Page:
Smith said the increases are in line with the 4-5% increases for students in other schools at Vanderbilt, but he expressed concerns over these increases not keeping up with inflation and cost of living increases in Nashville. 

“We have seen the cascading adverse effects on graduate students from Nashville’s cost of living spike over the past few years,” Smith said. “Graduate students are moving more often, many moving yearly because their rent keeps increasing beyond what their stipends can afford. Often they are moving further outside of the city for lower rents.” 

Longer commutes, higher cost of transportation and less time on campus all result from this high cost of living, according to Smith.

“Stipends in line with the cost of living in Nashville alleviate so many of these stresses and disruptions in a way that nothing else can,” Smith said.

Housing support

According to Christie-Mizell, the announcement of increased housing support for graduate students resulted from the Graduate and Professional Student Housing Working Group.

“In the near term, support will include making a housing emergency a qualifying event to receive student support funds, establishing a housing resource office to help with housing-related needs and creating a website consolidating housing-related resources in one easily accessible place,” Christie-Mizell said. 

Administration plans to continue finding ways to implement housing support by working with GSC, local landlords and real estate companies. Smith said the “most straightforward” solution to housing affordability issues for graduate students is to pay them enough to afford housing and other necessities.

“It is that simple. The present stipend increases are a first step towards guaranteeing that graduate student workers earn a sufficient paycheck to afford housing and basic necessities regardless of their school,” Smith said.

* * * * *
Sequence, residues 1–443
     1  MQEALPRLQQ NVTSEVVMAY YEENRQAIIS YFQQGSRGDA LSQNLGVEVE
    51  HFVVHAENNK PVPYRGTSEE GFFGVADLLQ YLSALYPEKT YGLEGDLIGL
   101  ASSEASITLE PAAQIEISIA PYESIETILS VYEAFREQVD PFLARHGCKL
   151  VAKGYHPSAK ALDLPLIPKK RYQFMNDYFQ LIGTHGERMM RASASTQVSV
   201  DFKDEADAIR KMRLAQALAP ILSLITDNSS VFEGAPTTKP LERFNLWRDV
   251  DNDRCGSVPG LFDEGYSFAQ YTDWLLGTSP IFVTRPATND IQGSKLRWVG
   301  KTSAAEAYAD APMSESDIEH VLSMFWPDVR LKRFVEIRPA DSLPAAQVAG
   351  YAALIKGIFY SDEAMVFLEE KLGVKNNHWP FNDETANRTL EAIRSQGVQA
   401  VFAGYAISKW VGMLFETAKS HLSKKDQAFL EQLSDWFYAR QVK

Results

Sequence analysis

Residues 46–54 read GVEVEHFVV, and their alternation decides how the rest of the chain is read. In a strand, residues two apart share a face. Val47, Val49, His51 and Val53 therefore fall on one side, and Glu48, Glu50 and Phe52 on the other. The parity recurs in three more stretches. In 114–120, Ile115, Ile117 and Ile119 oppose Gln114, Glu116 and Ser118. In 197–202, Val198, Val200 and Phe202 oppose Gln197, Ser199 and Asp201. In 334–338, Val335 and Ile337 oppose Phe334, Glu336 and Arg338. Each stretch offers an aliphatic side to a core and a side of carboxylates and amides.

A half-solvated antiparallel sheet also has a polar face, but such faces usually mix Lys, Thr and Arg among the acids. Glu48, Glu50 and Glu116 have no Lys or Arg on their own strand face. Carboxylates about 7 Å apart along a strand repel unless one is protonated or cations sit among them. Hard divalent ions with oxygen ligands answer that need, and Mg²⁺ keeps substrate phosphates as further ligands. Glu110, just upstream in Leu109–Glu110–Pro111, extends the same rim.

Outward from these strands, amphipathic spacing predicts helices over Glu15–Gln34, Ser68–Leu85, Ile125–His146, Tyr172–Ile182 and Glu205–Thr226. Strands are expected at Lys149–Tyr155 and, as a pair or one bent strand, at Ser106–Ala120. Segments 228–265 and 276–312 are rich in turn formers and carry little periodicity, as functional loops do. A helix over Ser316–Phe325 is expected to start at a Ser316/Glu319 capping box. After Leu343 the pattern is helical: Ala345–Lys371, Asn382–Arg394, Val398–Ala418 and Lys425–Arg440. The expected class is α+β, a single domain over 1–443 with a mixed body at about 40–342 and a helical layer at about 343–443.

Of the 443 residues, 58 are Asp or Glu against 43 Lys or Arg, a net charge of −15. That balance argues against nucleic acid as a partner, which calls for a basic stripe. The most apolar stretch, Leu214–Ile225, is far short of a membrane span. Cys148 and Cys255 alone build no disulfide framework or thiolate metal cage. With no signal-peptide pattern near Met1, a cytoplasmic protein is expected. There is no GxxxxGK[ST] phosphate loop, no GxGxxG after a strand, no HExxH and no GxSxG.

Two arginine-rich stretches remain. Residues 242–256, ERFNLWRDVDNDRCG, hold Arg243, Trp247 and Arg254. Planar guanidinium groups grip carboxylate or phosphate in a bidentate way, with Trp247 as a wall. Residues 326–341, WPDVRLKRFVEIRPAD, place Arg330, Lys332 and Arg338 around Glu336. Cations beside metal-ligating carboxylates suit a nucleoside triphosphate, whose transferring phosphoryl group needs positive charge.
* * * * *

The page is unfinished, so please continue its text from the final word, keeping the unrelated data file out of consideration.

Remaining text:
Collaboration and unionization

Smith also expressed the importance of students working together to advocate for their needs. 

“The GSC can and will acknowledge the combined efforts of our student body and of VGWU in advocating for graduate student issues at Vanderbilt, including these stipend increases,” Smith said. “Change only happens when graduate students work together, collect and share experiences and organize across departments.”

Msall expressed similar sentiments to the importance of unionizing as graduate student workers.

Until we have a graduate workers union, we will not be able to have our voices fully heard by the administration to earn the pay and benefits that we actually need,” Msall said.

VGWU announced that a majority of graduate students at Vanderbilt are now members of the union, according to a March 3 Instagram post.

“Now that we’ve reached a 50% majority with our card campaign, we are continuing to build towards supermajority support of grad student workers to officially petition to be recognized as a union,” fourth-year Ph.D. candidate Lizi Metts said on behalf of VGWU.

Metts said VGWU sees the stipend increase as a “win” directly resulting from their efforts.

“The pressure is definitely building, and admin is listening to us. This is so important and really exciting but also just the beginning,” Metts said. “While we welcome any improvements to our working conditions, the only way to ensure continued improvement and to build on this win is to negotiate a contract.”

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About the Contributors
Jacob Stoebner
Jacob Stoebner, News Editor
Jacob Stoebner ('26) is from Franklin, Tenn., and is majoring in biomedical engineering in the School of Engineering. When not writing for The Hustler, you can usually find him running, hiking in parks around Nashville or reading. He can be reached at [email protected].
Savannah Walske
Savannah Walske, Staff Photographer
Savannah Walske (‘26) is from San Francisco and is double majoring in psychology and Spanish in the College of Arts and Science. When not shooting for The Hustler, you can find her playing guitar, photographing pretty Californian landscapes and obsessing over her dog. You can contact her at [email protected].